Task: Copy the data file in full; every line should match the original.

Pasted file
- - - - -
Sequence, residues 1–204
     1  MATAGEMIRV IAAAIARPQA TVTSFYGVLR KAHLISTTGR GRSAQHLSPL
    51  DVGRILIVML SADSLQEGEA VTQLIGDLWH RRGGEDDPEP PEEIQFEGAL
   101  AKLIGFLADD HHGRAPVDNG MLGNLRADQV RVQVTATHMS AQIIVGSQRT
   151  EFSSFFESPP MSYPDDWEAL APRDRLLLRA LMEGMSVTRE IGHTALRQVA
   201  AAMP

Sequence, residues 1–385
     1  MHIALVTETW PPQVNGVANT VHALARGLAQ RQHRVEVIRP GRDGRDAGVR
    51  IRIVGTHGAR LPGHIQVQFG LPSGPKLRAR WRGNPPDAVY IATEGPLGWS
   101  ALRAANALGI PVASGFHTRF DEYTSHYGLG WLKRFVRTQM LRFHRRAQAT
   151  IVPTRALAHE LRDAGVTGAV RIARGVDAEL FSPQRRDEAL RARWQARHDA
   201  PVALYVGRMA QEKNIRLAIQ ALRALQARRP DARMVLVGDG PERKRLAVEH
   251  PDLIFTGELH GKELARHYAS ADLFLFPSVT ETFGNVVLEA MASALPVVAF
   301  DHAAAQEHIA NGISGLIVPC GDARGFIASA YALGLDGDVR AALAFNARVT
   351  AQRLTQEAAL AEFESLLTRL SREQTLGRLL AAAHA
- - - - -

Sequence, residues 1–204
     1  MATAGEMIRV IAAAIARPQA TVTSFYGVLR KAHLISTTGR GRSAQHLSPL
    51  DVGRILIVML SADSLQEGEA VTQLIGDLWH RRGGEDDPEP PEEIQFEGAL
   101  AKLIGFLADD HHGRAPVDNG MLGNLRADQV RVQVTATHMS AQIIVGSQRT
   151  EFSSFFESPP MSYPDDWEAL APRDRLLLRA LMEGMSVTRE IGHTALRQVA
   201  AAMP

Sequence, residues 1–385
     1  MHIALVTETW PPQVNGVANT VHALARGLAQ RQHRVEVIRP GRDGRDAGVR
    51  IRIVGTHGAR LPGHIQVQFG LPSGPKLRAR WRGNPPDAVY IATEGPLGWS
   101  ALRAANALGI PVASGFHTRF DEYTSHYGLG WLKRFVRTQM LRFHRRAQAT
   151  IVPTRALAHE LRDAGVTGAV RIARGVDAEL FSPQRRDEAL RARWQARHDA
   201  PVALYVGRMA QEKNIRLAIQ ALRALQARRP DARMVLVGDG PERKRLAVEH
   251  PDLIFTGELH GKELARHYAS ADLFLFPSVT ETFGNVVLEA MASALPVVAF
   301  DHAAAQEHIA NGISGLIVPC GDARGFIASA YALGLDGDVR AALAFNARVT
   351  AQRLTQEAAL AEFESLLTRL SREQTLGRLL AAAHA